Prophylactic ibuprofen does not improve pain with IUD insertion: A randomized trial

Paula Bednarek, Mitchell D. Creinin, Matthew F. Reeves, Carrie Cwiak, Eve Espey, Jeffrey Jensen

Research output: Contribution to journalArticle

30 Citations (Scopus)

Abstract

Objective To evaluate if ibuprofen 800 mg reduces pain with intrauterine device (IUD) insertion among U.S. women. Study design We conducted a randomized, double-blind, placebo-controlled trial of women undergoing IUD insertion approximately 2-6 weeks following first-trimester uterine aspiration. Subjects were randomized to receive ibuprofen 800 mg or placebo 30-45 min prior to IUD insertion. A 100-mm visual analog scale (VAS) was administered to measure pain after speculum insertion (baseline) and immediately following IUD insertion. Results A total of 202 women were enrolled, with 101 randomized to each group (ibuprofen or placebo). Sociodemographic characteristics and baseline VAS scores were similar between groups. The median pain score with IUD insertion was 41.5 mm in the placebo group and 38.0 mm in the ibuprofen group (p=.50). Mean and median pain scores did not differ between placebo and ibuprofen when nulliparous and parous women were analyzed independently. Overall, median pain scores were 17.5 mm higher in nulliparous women than parous women (p=.004). Median pain scores did not differ by age, IUD-type, history of dysmenorrhea or time since aspiration. Conclusions Administration of ibuprofen 800 mg prior to IUD insertion does not reduce pain associated with the procedure for U.S. women. Overall, nulliparous women report more pain with IUD insertion than multiparous women.

Original languageEnglish (US)
Pages (from-to)193-197
Number of pages5
JournalContraception
Volume91
Issue number3
DOIs
StatePublished - Mar 1 2015

Fingerprint

Intrauterine Devices
Ibuprofen
Pain
Placebos
Visual Analog Scale
Dysmenorrhea
First Pregnancy Trimester
Surgical Instruments

Keywords

  • Ibuprofen
  • Intrauterine device
  • IUD
  • Pain

ASJC Scopus subject areas

  • Reproductive Medicine
  • Obstetrics and Gynecology
  • Medicine(all)

Cite this

Prophylactic ibuprofen does not improve pain with IUD insertion : A randomized trial. / Bednarek, Paula; Creinin, Mitchell D.; Reeves, Matthew F.; Cwiak, Carrie; Espey, Eve; Jensen, Jeffrey.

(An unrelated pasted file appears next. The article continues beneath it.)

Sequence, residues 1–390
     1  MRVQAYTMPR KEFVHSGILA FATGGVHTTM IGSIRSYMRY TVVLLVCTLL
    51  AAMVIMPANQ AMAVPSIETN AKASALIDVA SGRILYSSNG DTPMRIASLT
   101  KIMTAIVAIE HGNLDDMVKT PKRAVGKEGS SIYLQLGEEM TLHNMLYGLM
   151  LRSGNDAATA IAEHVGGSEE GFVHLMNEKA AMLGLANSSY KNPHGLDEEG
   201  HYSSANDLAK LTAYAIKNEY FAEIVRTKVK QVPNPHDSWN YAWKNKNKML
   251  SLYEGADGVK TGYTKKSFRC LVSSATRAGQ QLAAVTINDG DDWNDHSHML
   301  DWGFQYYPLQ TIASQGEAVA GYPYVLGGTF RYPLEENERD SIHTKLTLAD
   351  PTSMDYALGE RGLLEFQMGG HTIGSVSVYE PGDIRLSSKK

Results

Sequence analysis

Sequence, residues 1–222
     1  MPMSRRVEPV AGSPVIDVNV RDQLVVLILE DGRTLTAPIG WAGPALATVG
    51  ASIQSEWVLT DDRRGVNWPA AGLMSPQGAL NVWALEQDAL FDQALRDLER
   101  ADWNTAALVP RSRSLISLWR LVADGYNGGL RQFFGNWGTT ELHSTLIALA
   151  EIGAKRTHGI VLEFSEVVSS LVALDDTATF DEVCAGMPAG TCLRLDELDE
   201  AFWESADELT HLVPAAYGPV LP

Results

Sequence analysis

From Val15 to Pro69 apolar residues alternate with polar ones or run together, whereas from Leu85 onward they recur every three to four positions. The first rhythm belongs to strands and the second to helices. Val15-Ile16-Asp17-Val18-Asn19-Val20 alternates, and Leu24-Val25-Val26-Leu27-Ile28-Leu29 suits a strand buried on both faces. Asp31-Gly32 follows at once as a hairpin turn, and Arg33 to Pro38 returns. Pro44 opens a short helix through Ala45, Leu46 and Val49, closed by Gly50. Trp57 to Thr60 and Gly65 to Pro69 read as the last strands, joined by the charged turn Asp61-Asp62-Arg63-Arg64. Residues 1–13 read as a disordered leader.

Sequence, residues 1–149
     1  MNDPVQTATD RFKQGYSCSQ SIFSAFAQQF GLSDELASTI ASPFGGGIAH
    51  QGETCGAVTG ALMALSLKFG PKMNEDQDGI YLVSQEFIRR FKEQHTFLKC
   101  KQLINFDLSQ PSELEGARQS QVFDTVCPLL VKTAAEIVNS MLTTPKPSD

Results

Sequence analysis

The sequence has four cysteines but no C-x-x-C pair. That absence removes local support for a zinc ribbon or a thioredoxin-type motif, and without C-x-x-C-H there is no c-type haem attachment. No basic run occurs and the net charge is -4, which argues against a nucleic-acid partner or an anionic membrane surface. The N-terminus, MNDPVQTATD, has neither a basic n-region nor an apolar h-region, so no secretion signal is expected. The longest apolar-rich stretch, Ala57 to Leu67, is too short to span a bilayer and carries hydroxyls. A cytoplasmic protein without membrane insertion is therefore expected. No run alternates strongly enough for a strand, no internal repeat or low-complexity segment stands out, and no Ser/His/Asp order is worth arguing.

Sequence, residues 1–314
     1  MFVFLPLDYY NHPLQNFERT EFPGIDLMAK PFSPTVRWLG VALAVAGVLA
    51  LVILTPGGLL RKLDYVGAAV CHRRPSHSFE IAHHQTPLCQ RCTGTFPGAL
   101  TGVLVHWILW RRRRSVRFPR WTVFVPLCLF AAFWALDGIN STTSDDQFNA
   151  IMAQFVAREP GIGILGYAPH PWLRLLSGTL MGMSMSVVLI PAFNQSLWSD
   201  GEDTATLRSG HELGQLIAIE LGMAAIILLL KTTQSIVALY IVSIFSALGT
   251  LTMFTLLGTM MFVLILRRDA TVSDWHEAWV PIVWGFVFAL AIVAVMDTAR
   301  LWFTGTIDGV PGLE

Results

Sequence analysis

In: Contraception, Vol. 91, No. 3, 01.03.2015, p. 193-197.

Research output: Contribution to journalArticle

Bednarek, Paula ; Creinin, Mitchell D. ; Reeves, Matthew F. ; Cwiak, Carrie ; Espey, Eve ; Jensen, Jeffrey. / Prophylactic ibuprofen does not improve pain with IUD insertion : A randomized trial. In: Contraception. 2015 ; Vol. 91, No. 3. pp. 193-197.
@article{e4692fabf34845469eb779f49f40877b,
title = "Prophylactic ibuprofen does not improve pain with IUD insertion: A randomized trial",
abstract = "Objective To evaluate if ibuprofen 800 mg reduces pain with intrauterine device (IUD) insertion among U.S. women. Study design We conducted a randomized, double-blind, placebo-controlled trial of women undergoing IUD insertion approximately 2-6 weeks following first-trimester uterine aspiration. Subjects were randomized to receive ibuprofen 800 mg or placebo 30-45 min prior to IUD insertion. A 100-mm visual analog scale (VAS) was administered to measure pain after speculum insertion (baseline) and immediately following IUD insertion. Results A total of 202 women were enrolled, with 101 randomized to each group (ibuprofen or placebo). Sociodemographic characteristics and baseline VAS scores were similar between groups. The median pain score with IUD insertion was 41.5 mm in the placebo group and 38.0 mm in the ibuprofen group (p=.50). Mean and median pain scores did not differ between placebo and ibuprofen when nulliparous and parous women were analyzed independently. Overall, median pain scores were 17.5 mm higher in nulliparous women than parous women (p=.004). Median pain scores did not differ by age, IUD-type, history of dysmenorrhea or time since aspiration. Conclusions Administration of ibuprofen 800 mg prior to IUD insertion does not reduce pain associated with the procedure for U.S. women. Overall, nulliparous women report more pain with IUD insertion than multiparous women.",